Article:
In his 23rd season in the majors, 44-year-old Omar Vizquel gets to play first base for the first time. His untested defensive skills are called for in the 11th inning, after Carlos Quentin comes in as a pinch-hitter for the White Sox, and manager Ozzie Guillen must shuffle his remaining players to accommodate him. The Sox still lose to the Blue Jays, 9 – 8, on Corey Patterson’s walk-off home run in the bottom of the 14th inning. Earlier in the game, the Jays’ Jose Bautista hit a three-run homer to become the first 20-home run hitter in the majors this year.
The Cubs end a 12-game losing streak, their longest since 1997, with an 11 – 7 win over the Padres at Wrigley Field. Alfonso Soriano goes 3 for 4 with a homer and 3 RBI, his 7th-inning homer putting the Cubs ahead to stay against Alex Hinshaw; Ian Stewart, Starlin Castro and Darwin Barney also homer for Chicago, while David DeJesus hits a pair of triples. For their part, the Padres hit four long balls on a day when the wind is blowing towards the fences, with Chase Headley connecting twice, and Everth Cabrera and Will Venable once each.
The Angels lose their ace, Jered Weaver, after only 12 pitches when he is forced to leave his start against the Yankees with a back injury in the 1st inning, but they hold on for a hard-fought 9 – 8 win, capped by Mark Trumbo’s walk-off home run. The win puts the Angels at .500 for the first time since April 9th. Howie Kendrick and Kendry Morales drive in 3 runs each and Mike Trout homers to lead the offense. Curtis Granderson and Mark Teixeira homer for New York, and Russell Martin hits a two-run double in the 7th to tie the game at 8-all, but Trumbo’s 9th-inning homer off Cory Wade ends it, giving struggling closer Jordan Walden his first win of the year.
The Sparta/Feyenoord head coach musical chairs game continues with the return of Dino Anasagasti. Anasagasti had stepped down just 8 days earlier. His assistant Gershwin Hernandez replaced him for one game, then Marwin Kleinmoedig took over for three. The club had faced rumors it would have to withdraw from the Hoofdklasse and had seen a couple of players leave the team during this time.
The Mets honor Yankees great Mariano Rivera, who has announced his retirement at the end of the year, by having him throw the ceremonial first pitch before the game between the two teams from the Big Apple at Citi Field, with retired Mets closer John Franco acting as his catcher for the occasion. However, the night doesn’t end so well for Mo, as Daniel Murphy leads off the bottom of the 9th with a double and David Wright and Lucas Duda follow RBI singles to turn a 1 – 0 deficit into a 2 – 1 win. It is the first time of Mariano’s illustrious career that he blows a save without retiring a single batter; it is also his first blown save of the year.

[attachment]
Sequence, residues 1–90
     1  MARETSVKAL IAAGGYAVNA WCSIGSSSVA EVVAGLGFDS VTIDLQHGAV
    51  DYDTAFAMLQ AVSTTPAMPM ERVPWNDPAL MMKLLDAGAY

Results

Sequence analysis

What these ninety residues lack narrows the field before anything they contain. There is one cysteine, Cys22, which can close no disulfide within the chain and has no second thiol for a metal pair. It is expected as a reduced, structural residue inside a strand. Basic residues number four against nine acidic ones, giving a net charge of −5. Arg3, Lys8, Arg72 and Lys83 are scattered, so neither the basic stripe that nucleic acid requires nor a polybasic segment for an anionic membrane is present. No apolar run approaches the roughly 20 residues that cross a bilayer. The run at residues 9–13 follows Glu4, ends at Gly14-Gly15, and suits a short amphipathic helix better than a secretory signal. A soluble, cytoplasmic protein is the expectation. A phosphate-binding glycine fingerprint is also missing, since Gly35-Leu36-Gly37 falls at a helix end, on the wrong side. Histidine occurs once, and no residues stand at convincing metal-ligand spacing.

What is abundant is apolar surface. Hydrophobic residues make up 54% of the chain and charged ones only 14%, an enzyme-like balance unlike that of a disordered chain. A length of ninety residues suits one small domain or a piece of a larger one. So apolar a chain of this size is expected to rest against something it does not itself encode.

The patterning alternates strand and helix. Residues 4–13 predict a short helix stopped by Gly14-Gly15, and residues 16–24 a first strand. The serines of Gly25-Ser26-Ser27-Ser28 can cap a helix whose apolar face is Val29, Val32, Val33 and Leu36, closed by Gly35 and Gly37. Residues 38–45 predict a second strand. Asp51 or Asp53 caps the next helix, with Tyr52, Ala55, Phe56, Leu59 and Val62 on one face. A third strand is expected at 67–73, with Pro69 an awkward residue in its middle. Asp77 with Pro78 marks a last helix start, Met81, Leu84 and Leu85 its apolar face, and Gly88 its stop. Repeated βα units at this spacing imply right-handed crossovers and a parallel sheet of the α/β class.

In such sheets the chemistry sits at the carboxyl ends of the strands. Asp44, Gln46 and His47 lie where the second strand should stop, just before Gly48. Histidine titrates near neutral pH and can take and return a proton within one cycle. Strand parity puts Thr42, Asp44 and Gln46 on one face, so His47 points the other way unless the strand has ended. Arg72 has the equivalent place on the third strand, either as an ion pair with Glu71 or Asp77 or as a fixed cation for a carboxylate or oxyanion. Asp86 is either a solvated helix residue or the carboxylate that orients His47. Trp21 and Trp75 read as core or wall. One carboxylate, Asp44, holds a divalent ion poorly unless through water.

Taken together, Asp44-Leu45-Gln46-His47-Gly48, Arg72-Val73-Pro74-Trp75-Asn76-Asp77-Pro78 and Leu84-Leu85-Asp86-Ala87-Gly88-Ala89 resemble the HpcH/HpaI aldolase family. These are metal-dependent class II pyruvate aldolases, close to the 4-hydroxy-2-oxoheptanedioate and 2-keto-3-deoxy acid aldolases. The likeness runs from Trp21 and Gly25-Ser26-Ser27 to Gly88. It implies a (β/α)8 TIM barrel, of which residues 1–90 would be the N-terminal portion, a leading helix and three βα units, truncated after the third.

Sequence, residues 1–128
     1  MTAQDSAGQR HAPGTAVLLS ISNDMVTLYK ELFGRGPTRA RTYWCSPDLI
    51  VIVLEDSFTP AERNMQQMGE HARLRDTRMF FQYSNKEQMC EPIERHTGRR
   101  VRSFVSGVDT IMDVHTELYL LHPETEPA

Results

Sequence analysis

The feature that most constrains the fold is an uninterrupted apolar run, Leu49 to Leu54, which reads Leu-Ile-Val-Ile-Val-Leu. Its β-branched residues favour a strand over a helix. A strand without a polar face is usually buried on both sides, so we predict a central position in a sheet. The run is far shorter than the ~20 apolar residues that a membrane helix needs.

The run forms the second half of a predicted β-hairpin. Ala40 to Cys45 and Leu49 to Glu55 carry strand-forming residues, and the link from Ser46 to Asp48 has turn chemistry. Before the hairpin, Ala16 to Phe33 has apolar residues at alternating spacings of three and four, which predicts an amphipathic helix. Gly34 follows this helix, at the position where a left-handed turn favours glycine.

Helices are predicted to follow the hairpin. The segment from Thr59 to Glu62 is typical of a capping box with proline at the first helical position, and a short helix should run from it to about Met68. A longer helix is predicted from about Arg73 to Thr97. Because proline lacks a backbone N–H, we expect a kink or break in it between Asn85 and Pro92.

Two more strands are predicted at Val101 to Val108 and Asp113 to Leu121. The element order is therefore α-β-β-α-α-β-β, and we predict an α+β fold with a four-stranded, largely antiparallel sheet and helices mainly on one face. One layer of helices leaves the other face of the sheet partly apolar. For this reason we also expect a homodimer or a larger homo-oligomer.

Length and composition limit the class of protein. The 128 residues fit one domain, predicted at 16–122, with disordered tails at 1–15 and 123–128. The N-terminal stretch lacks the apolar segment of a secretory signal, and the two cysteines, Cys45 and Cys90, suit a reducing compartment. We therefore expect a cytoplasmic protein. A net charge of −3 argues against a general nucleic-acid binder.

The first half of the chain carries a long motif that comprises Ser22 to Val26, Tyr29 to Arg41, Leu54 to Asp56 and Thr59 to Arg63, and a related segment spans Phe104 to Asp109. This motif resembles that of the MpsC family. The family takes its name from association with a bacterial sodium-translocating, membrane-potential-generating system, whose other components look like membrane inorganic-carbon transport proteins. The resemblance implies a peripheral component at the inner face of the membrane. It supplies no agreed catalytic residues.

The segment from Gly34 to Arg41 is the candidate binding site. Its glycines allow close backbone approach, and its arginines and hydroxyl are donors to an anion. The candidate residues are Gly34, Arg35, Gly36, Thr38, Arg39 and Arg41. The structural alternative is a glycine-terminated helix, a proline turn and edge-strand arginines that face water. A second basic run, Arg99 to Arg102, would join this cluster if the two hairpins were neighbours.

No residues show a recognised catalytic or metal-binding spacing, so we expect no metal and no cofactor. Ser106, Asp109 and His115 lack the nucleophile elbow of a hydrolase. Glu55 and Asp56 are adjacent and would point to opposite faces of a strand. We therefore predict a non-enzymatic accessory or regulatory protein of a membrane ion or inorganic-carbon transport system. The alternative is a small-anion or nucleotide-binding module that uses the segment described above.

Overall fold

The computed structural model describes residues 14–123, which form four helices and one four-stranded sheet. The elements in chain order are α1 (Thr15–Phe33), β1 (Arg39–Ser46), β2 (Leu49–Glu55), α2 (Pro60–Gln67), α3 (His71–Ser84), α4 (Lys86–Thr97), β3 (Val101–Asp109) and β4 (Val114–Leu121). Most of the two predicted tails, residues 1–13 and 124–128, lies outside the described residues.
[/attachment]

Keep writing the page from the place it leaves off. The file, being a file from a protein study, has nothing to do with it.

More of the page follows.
The Blue Jays are the hottest team in the majors after winning their 9th straight and 14th of 16th, 3 – 2 against the Rays. Tampa Bay hits starter Liam Hendriks hard, but a number of defensive gems by the Jays keep the score close, until the bottom of the 9th when Dioner Navarro leads off with a single off Juan Carlos Oviedo. Anthony Gose then lays a perfect bunt down the first base line, and Oviedo’s throw goes into right field, allowing pinch-runner Kevin Pillar to race all the way home with the winning run.
In the 3rd inning of a game against the Dodgers, Mets P Noah Syndergaard is ejected for throwing at Chase Utley, in apparent retaliation for Utley’s aggressive slide which injured Mets SS Ruben Tejada in last year’s NLDS. Umpire Adam Hamari also tosses Mets manager Terry Collins for arguing his decision, then Utley gets his revenge when he opens the score with a solo homer off Logan Verrett in the 6th and adds a grand slam off Hansel Robles in the 7th. The Dodgers hit five homers in total as they win the game, 9 – 1.
The Royals stage the biggest 9th-inning comeback in their history when they score 7 runs to defeat the White Sox, 8 – 7. With a 7 – 1 league, White Sox closer David Robertson seems to be cruising along when he strikes out Paulo Orlando to start off the bottom of the 9th, but Cheslor Cuthbert singles and Brett Eibner follows with a double. After the Royals have batted around, Eibner ends the game with a single off Tommy Kahnle, driving in Drew Butera with the winning run. One of the key hits of the rally is a two-run single by Whit Merrifield, and the win goes to Chien-Ming Wang, as players who barely contributed to last season’s World Series win do most of the damage for the Royals.
Derek Dietrich continues his unlikely homer binge as he hits three, all two-run shots, in leading the Reds to an 11 – 6 win over the Pirates. With 17 homers this year, he has already topped his career high, and 12 of his last 17 hits have gone over the fence. For the Pirates, rookie Kevin Newman hits his first career homer, a grand slam off Lucas Sims.
2006 – Having lost five straight, as well as an 18-inning affair the night before, and trailing 4-0 in the ninth, the Astros get off the mat and stun the Pirates at PNC Park, 5-4, in ten innings. Houston takes advantage of two bases-loaded walks before Preston Wilsonsingles home Morgan Ensberg in the tenth for the game-winner.
1982 – Nolan Ryan fans eleven Mets in 5-2/3rds innings during an 8-3 victory. Mike LaCoss and Dave Smith strike out three each to total 17 Ks, one short of Don Wilson’s club record. Dave Kingman whiffs five times, once with the bases loaded. Terry Puhl socks a home run and Phil Garner drives in three to pace the offense.